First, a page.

Have you noticed a change in your child’s mood or a decrease in their motivation? It’s possible that a lack of confidence can cause or worsen these issues. Here are some signs of low self-esteem to look out for in children:
Difficulty taking criticism. Low self-esteem levels can be associated with sensitivity to criticism. This also includes a student’s resilience, or their ability to “bounce back” after a challenging situation. It’s not unusual to feel “down in the dumps” after a bad test score – after all, nobody likes to fail. However, if you notice your child becoming severely critical of themselves after a disappointing result, there may be deeper issues at play. With low self-esteem, students aren’t able to develop a growth mindset – the inner confidence that they can overcome challenges through applying themselves.
Decreased motivation. If you notice your child lacks motivation in school, low self-esteem may be a factor. This is especially true if grades are beginning to slip – academic success is made up of many components, and self-esteem (or academic confidence) is just one of them. When students feel like they aren’t able to keep up with academic requirements, they can begin to lose their confidence to succeed in school altogether. This can in turn create a “snowball” effect where the student’s decreased interest and effort towards school further affects their grades. When students lack motivation, it often means they are having trouble connecting to the material. As a result, they aren’t able to find meaning in what they are learning. In many cases, a private tutor can serve as an academic coach – able to design customized lesson plans and instructional approaches that cater to the individual student’s interests and needs. To learn more about what makes private tutoring different, click here.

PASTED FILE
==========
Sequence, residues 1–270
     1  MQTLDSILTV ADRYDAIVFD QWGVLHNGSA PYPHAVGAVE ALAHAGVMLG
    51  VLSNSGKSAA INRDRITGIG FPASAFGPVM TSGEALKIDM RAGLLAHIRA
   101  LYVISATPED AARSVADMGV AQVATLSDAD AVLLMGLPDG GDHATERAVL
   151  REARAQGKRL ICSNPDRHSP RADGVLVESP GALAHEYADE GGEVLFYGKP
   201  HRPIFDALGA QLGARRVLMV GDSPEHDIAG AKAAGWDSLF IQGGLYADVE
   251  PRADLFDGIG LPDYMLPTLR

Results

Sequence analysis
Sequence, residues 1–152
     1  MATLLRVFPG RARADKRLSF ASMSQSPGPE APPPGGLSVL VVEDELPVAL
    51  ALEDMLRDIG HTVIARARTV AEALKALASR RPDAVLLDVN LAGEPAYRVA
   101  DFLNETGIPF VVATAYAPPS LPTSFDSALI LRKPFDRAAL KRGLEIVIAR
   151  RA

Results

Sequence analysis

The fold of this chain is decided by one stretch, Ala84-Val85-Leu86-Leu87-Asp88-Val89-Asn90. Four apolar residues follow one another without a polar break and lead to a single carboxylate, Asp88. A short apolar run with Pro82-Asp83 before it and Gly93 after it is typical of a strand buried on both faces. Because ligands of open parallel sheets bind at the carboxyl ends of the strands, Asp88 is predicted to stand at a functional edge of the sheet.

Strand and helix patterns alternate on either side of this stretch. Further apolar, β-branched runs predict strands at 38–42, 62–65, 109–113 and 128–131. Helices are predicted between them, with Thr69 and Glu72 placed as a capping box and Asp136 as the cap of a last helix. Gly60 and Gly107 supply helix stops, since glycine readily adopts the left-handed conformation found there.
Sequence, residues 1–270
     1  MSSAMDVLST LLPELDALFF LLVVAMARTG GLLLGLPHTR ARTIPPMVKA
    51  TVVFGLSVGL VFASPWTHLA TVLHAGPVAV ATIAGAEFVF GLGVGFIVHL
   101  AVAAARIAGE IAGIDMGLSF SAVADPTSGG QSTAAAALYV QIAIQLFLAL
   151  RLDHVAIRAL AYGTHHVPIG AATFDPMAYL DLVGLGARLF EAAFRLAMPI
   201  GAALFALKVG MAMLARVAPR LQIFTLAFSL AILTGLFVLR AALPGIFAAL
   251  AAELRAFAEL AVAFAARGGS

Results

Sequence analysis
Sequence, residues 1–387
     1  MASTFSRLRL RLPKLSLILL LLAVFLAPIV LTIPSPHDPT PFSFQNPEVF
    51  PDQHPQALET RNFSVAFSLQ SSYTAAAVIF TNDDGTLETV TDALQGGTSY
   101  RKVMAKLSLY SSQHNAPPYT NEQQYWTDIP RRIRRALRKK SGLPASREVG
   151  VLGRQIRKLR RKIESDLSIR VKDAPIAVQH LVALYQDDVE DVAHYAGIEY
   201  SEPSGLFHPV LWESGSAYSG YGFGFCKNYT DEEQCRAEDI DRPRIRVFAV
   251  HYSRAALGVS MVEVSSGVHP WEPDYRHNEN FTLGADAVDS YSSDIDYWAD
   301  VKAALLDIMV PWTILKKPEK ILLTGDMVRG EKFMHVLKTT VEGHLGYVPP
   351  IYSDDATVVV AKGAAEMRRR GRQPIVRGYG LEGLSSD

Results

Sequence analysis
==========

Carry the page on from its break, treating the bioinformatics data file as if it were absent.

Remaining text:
Unwillingness to try new things. If a student is unwilling to try new things, it may mean that they feel uncomfortable stepping outside of their comfort zone. Trying new approaches and enjoying new things is a wonderful part of life, and kids with low self-esteem may unknowingly miss out on rewarding experiences due to their unwillingness to experiment. Of course, if a child prefers familiarities, that doesn’t necessarily mean they have low self-esteem. As we’ve discussed in our blog about personality types, some people have a more passive approach towards life and just aren’t as eager to jump into new things right away. However, if you notice your child’s selectivity is beginning to impact possible growth (i.e. hesitating to learn a musical instrument due to a fear of “not being good enough”) - low self-esteem may be a factor and should be addressed.
Advice for Parents
It’s important to remember that, when it comes to mental health, not everything can be determined by clear cut indicators. For instance – some students may have a lack of energy that comes from low self-esteem. However, a lack of energy can also come from poor diet or irregular sleeping patterns. In other words, we shouldn’t be quick to assume that self-esteem problems are the sole cause of a particular problem. Some students have healthy self-esteem but may just be more reserved – being shy doesn’t necessarily mean you lack confidence. In general, it’s best to consider self-esteem as one part of a person’s overall mental health.
If you notice any serious emotional changes or increasingly withdrawn behavior, there may be other issues as play and you should contact your child’s doctor and/or teacher immediately.